Spur gear 12 is then mounted on bearing 18, just as any gear is mounted to any bearing. In particular, spur gear 12 may be press fit to sleeve bearing 18 or may be press fit at only a remote end 204 from delash gear 14, which would provide additional compliance. The press fit provides axial retention of the assembly and transmits torque at low to moderate torque. The press fit interface also permits slip at high torques, well above normal operating magnitudes, to protect the delash gear arrangement 200 at excessive loads. When spur gear 12 is mounted to bearing 18, plurality of teeth 26 of delash gear 14 align with plurality of teeth 24 of spur gear 12.

Once delash gear arrangement 200 has been assembled, delash gear arrangement 200 functions in a similar manner to delash gear 14 and first spur gear 12, as shown in FIG. 1. Thus, delash gear arrangement 200 can be arranged with second spur gear 16 (see FIG. 1) to provide for gear assembly 10. In addition, delash gear arrangement 200 can also be arranged in a similar manner to gear assembly 100, as shown in FIG. 4. The difference between the two arrangements is that delash gear arrangement 200 provides for a simplified manufacturing process.

The manufacturing of delash gear arrangement 200 can be accomplished in a variety of ways. First, delash gear 14 and bearing 18 may be machined from a bar of stock. Second, plurality of teeth 26 of delash gear 14 may be machined onto a flange-type detail, which has been molded onto bearing 18. Third, delash gear arrangement 200 may be a molded item.

The delash gear arrangement 200 allows for one component to provide both the delashing and the bearing functions for the gear assembly. Satisfying the bearing and delashing functions in a single component allows for lower assembly costs, fewer and simpler machined interfaces and overall lower product costs without adversely affecting the desired performance.

It will be appreciated that the use of first and second or other similar nomenclature for denoting similar items is not intended to specify or imply any particular order unless otherwise stated.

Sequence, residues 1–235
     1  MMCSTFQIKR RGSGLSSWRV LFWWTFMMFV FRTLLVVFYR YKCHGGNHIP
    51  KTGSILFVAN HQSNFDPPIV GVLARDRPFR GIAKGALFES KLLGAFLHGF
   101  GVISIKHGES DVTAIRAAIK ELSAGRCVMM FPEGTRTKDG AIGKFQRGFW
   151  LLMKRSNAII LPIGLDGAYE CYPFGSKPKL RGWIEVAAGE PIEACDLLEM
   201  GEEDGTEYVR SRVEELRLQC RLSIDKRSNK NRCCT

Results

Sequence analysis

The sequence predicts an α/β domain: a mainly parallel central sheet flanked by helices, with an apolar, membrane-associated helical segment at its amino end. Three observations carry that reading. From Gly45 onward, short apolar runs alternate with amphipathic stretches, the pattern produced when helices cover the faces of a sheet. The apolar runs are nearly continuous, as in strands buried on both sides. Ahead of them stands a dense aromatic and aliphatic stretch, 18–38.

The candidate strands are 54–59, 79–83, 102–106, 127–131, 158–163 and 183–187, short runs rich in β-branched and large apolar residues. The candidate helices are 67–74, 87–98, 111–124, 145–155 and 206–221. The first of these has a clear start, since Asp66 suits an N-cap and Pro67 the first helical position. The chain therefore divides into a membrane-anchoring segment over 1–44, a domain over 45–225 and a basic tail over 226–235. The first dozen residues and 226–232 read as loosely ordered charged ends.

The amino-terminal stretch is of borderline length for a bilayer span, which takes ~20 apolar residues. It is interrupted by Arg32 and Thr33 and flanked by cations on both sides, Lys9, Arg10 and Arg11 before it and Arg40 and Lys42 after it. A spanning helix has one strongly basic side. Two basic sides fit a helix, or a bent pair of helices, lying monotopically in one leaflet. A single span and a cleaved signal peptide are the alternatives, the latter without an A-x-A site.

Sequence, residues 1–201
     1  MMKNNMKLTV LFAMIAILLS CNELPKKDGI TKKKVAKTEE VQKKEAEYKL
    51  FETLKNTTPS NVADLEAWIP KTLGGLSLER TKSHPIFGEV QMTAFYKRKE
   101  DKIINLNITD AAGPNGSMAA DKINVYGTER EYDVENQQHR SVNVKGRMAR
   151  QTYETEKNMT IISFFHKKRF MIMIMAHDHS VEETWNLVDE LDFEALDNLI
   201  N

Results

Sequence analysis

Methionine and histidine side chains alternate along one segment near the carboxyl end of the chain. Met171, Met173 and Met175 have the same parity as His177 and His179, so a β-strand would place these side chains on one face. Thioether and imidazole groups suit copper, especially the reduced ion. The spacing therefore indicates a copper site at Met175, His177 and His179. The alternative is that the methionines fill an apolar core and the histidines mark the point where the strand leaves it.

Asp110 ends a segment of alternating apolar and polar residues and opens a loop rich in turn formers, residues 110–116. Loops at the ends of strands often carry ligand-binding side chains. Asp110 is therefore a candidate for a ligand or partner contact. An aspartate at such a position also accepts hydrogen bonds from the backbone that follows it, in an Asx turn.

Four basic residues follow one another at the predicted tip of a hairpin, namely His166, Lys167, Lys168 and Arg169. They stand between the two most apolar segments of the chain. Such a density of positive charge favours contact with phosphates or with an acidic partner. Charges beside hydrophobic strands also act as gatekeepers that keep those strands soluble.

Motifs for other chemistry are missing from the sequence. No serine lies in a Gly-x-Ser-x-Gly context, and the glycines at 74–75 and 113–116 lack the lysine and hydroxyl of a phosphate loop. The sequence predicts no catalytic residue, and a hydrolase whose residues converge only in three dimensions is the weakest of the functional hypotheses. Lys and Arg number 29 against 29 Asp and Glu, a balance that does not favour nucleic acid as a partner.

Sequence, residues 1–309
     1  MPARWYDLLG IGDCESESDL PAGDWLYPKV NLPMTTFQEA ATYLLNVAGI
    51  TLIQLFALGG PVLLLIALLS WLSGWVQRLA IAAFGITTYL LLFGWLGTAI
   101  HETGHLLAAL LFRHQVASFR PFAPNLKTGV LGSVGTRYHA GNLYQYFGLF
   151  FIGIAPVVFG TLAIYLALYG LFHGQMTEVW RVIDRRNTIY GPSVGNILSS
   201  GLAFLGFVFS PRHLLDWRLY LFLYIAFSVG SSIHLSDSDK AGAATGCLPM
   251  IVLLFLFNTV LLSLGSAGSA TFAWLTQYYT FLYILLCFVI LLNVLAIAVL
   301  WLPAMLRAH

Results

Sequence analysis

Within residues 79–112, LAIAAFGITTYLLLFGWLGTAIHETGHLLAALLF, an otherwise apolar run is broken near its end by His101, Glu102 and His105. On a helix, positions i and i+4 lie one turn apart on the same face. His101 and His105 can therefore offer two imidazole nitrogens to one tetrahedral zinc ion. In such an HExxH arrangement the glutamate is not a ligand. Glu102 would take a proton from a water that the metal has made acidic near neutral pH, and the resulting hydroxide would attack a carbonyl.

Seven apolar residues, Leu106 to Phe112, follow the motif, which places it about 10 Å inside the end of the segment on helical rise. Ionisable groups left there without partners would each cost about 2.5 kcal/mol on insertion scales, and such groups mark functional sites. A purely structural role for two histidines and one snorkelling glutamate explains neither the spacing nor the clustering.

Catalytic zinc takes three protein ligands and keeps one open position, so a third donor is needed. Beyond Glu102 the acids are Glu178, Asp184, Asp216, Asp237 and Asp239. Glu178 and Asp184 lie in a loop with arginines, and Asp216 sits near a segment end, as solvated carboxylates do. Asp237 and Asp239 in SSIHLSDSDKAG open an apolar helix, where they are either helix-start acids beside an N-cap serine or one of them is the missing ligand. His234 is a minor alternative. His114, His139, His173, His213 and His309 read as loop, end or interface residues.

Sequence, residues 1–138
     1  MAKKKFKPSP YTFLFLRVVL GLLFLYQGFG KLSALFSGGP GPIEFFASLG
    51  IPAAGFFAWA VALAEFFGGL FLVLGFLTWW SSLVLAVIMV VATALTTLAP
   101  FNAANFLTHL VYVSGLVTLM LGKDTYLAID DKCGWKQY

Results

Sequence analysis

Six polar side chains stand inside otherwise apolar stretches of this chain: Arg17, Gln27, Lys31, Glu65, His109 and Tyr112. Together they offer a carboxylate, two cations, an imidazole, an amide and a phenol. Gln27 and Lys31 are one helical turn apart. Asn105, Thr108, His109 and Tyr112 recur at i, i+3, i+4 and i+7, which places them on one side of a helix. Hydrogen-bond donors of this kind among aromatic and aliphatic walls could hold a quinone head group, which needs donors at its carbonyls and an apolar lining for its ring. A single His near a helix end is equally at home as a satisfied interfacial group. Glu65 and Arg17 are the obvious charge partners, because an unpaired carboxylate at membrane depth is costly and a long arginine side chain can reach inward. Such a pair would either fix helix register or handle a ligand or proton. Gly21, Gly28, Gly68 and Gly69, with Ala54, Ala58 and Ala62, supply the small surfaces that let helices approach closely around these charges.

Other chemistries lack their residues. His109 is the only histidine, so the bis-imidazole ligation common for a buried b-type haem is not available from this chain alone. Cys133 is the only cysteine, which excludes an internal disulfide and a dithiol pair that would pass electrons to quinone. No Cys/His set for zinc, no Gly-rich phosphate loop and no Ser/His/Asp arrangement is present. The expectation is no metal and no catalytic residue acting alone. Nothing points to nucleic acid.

While preferred embodiments have been shown and described, various modifications and substitutions may be made thereto without departing from the spirit and scope of the invention, including the use of the geometries taught in other conventional worm/worm gear assemblies. Accordingly, it is to be understood that the apparatus and method have been described by way of illustration only, and such illustrations and embodiments as have been disclosed herein are not to be construed as limiting to the claims.

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Referenced by
Citing PatentFiling datePublication dateApplicantTitle
US8695449 *Jun 25, 2010Apr 15, 2014GETRAG Getriebe- und Zhanradfabrik Hermann Hagenmeyer GmbH & Cie KGRattle-free component pairing
US9222569 *Sep 23, 2011Dec 29, 2015Miba Sinter Austria GmbhToothed wheel and backlash free gear train
US20080156574 *Dec 26, 2007Jul 3, 2008Jtekt CorporationElectric power steering apparatus and manufacturing method of pinion and/or gear for the same
US20100326223 *Jun 25, 2010Dec 30, 2010Getrag Getriebe- Und Zahnradfabrik Hermann Hagenmeyer Gmbh & Cie KgRattle-free component pairing
US20130160589 *Sep 23, 2011Jun 27, 2013Miba Sinter Austria GmbhToothed wheel and backlash free gear train
US20140116174 *Aug 7, 2013May 1, 2014Miba Sinter Austria GmbhGear system
US20150251698 *Mar 5, 2015Sep 10, 2015Takata AGSteering Angle Sensor
Classifications
U.S. Classification74/409, 74/440, 74/443
International ClassificationF16H57/12, B23P15/14, F16H55/17, F16H55/18, F16H55/06
Cooperative ClassificationB23P15/14, F16H2055/185, Y10T74/19623, Y10T74/19907, F16H55/18, F16H55/06, Y10T74/19898, F16H55/17
European ClassificationF16H55/17, B23P15/14, F16H55/06